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Last Updated on by Noni May
A successful startup can have a burden. Forget their immense profits and loyal customer followings for a moment because the real issue is both a blessing and a curse: popularity. Everyone wants to be “that” business which credits a new niche product or service. A revolutionary idea that everyone wants to copy, something so simple yet ingenious that everyone kicks themselves, screaming “why didn’t I think of that?”.
No matter how amazing your business idea is, it will eventually become something that will cause you a great amount of stress because your customers have many expectations of you. If your product is innovative, then where do you go from there? Do you have an evolution of the product planned, or was it pure dumb luck that got you where you are? Whatever you decide for your product, it’s important to remember that whatever you make, you need to supply it to consumers.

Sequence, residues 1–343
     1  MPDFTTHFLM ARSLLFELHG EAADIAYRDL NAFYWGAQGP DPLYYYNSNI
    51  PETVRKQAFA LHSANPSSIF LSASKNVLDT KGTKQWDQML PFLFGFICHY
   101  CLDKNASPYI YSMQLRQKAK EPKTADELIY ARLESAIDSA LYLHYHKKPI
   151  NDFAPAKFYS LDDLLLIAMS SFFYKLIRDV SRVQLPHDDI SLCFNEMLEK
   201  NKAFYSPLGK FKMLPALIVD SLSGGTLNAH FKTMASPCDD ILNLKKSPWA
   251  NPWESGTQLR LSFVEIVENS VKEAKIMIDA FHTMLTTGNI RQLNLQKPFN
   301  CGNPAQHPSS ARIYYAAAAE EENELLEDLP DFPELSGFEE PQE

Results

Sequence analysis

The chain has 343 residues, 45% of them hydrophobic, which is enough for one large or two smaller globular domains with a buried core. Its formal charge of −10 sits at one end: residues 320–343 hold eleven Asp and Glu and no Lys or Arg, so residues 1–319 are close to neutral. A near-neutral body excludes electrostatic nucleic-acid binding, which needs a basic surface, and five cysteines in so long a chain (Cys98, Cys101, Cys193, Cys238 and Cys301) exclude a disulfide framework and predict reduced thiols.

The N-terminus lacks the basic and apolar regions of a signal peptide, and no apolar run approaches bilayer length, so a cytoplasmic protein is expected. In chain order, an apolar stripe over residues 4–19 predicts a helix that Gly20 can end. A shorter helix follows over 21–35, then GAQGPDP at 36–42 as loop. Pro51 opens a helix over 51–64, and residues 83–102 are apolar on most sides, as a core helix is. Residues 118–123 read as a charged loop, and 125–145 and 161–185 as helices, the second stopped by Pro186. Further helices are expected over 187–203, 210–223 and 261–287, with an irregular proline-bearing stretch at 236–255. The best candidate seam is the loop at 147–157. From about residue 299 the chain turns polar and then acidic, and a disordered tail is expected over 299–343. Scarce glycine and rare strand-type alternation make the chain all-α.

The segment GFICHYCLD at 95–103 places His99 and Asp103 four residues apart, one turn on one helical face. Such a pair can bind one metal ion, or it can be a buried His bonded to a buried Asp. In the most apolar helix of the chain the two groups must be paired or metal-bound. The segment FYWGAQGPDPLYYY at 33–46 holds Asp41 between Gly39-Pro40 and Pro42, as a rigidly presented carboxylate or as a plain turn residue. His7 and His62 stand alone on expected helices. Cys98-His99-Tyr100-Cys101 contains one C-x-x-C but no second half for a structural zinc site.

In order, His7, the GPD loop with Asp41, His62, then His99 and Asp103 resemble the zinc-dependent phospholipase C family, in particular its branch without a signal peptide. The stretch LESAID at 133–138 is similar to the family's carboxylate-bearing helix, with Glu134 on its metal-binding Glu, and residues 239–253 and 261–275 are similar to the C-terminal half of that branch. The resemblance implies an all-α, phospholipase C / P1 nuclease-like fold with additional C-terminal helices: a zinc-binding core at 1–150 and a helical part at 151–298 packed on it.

But it’s a lengthy learning process that becomes easier with experience. Once you see your consumers getting angry about a lack of stock, you’ll realize what areas of your business need to be improved on and how to plan for it in the future. So let’s start by showing you a very recent blunder by one of the world’s most well-known businesses: Nintendo.
One of the world’s leading video game development and manufacturing companies, Nintendo, recently released a product called the “Nintendo Mini”. This product was hailed as a throwback to retro gaming enthusiasts that grew up on Nintendo’s legendary “NES” console. As such, it became an extremely popular holiday item that every video gamer wanted.
Unfortunately, Nintendo released only a couple of the models to each retailer, resulting in a massive shortage and hundreds of eBay listings by scalpers who bumped the price up fives times higher than the original retail price. It goes without saying that this generated a lot of controversy and as a result, many disgruntled fans complained to Nintendo. Although they promised to create more, Nintendo simply couldn’t handle the demand and the entire ordeal left a sour taste in the mouths of loyal fans.